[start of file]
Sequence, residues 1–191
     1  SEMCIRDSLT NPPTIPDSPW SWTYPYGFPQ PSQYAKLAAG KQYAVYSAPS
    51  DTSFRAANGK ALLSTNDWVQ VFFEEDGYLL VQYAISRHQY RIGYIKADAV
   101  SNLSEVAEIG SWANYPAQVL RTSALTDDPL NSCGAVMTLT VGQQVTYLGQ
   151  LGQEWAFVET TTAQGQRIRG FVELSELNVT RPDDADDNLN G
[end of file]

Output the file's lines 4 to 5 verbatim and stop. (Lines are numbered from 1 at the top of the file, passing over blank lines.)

   101  SNLSEVAEIG SWANYPAQVL RTSALTDDPL NSCGAVMTLT VGQQVTYLGQ
   151  LGQEWAFVET TTAQGQRIRG FVELSELNVT RPDDADDNLN G